Before he issues his next press release denouncing the Trump administration -- there were several more this week -- Governor Malloy might negotiate a state budget with the General Assembly. For while there are hundreds of politicians around the country denouncing the president every day, the governor is the only one in charge of a state that is both without a budget and sinking fast relative to other states.
Before he issues another such press release, the governor also might read the state police affidavit for this week’s arrest of a 24-year-old Stafford woman, a heroin addict with three young children who has been charged with manslaughter in the death in April of her 3-year-old son, who apparently ingested methadone his mother kept loose around the house.
The Stafford case is similar to a case in Plymouth in 2014 in which a 2-year-old girl died from ingesting drugs kept around the house by her drug-abusing mother, who also was charged with manslaughter.
The affidavit in the Stafford case says the woman’s home was squalid, with clutter and animal droppings everywhere. The affidavit adds that after both anonymous complaints and a complaint by a school nurse about ill treatment of the woman’s children, the home had been visited many times by social workers from the state Department of Children and Families. It’s not clear what the social workers saw, but no corrective action was taken.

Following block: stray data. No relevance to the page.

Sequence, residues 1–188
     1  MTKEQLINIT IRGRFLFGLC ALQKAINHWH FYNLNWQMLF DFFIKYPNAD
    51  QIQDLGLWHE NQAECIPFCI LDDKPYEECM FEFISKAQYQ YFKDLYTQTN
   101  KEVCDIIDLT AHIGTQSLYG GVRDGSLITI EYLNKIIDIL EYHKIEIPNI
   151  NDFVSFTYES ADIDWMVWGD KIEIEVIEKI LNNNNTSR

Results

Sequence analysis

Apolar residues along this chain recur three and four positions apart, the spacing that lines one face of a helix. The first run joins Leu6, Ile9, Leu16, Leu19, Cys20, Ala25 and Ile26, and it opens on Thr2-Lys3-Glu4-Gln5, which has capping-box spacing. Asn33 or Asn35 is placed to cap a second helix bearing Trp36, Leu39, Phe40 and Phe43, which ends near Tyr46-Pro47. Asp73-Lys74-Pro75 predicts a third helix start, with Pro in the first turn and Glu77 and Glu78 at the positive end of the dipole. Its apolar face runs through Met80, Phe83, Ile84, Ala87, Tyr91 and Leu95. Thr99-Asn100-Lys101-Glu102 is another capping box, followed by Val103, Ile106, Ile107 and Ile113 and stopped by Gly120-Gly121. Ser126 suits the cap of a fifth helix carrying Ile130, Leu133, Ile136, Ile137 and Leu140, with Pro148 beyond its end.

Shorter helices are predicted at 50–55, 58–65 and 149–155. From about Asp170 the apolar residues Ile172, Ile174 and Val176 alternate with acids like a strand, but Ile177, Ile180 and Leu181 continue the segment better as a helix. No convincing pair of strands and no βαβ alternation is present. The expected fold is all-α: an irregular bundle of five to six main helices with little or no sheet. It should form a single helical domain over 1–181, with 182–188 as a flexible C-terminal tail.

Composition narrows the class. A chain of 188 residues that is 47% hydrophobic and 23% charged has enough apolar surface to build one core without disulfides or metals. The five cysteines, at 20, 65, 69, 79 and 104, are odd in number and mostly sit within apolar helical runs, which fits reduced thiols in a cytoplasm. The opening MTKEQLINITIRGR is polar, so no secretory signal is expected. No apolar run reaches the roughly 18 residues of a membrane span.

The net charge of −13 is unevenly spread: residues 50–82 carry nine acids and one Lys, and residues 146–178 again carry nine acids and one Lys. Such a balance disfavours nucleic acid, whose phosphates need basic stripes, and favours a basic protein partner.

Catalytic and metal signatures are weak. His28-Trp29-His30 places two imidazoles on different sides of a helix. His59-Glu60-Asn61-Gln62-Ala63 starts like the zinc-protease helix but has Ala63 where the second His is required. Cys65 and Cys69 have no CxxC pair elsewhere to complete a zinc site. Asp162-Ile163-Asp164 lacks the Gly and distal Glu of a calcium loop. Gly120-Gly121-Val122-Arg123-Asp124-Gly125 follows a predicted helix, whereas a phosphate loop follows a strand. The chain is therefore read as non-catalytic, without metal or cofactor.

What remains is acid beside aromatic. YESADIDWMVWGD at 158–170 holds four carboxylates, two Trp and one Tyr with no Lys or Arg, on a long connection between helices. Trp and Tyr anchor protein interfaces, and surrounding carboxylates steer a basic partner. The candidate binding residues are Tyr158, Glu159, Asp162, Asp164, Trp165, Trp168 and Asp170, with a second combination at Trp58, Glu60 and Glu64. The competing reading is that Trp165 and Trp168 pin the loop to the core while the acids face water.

The report of the state child advocate’s office on the Plymouth case recorded social worker visits to a squalid home, abuse of the children, and evidence of the mother’s mental illness that could be seen by everyone who knew her. But again no corrective action was taken.
In the Plymouth case DCF acknowledged error and shuffled personnel. The department says tersely that it has reviewed the Stafford case, providing no details. But mistakes by social workers are not the big problem with such cases. The bigger problem remains one of policy that is yet to be addressed by anyone in authority.
That is, where do mentally ill or drug-addicted, unemployed, or only marginally employed women obtain the financing to live such irresponsible lives? How much government money facilitates this?
The report on the Plymouth case found that welfare stipends were involved. The affidavit in the Stafford case says little about the woman’s sources of income, but it would be unusual if an unmarried woman with three young children was not receiving various forms of government assistance, even though the affidavit says she was known throughout town as a heroin addict.
The Plymouth and Stafford cases and others like them suggest that Connecticut has made a policy decision to subsidize such destructive behavior by unmarried women with children even when the children may be at risk, in the belief that it is more humane and cheaper to leave the children with an awful parent than to remove them to foster or group homes until the parent can straighten out - cheaper than strictly conditioning financial aid on avoiding destructive behavior.
But this policy is not more humane and cheaper. Its inhumanity is demonstrated not just by the dramatic child fatalities it produces but also by its less dramatic but still quantifiable consequences - the educational failure, the physical and mental illness, the criminal trouble, and the lifelong unhappiness of neglected and abused children.
From DCF to schools, hospitals, courts, and prisons, this policy actually may cost Connecticut a couple billion dollars or more each year. Changing this policy might save a lot of money for a state government the policy has helped push into insolvency.
Chris Powell is managing editor of the Journal Inquirer in Manchester.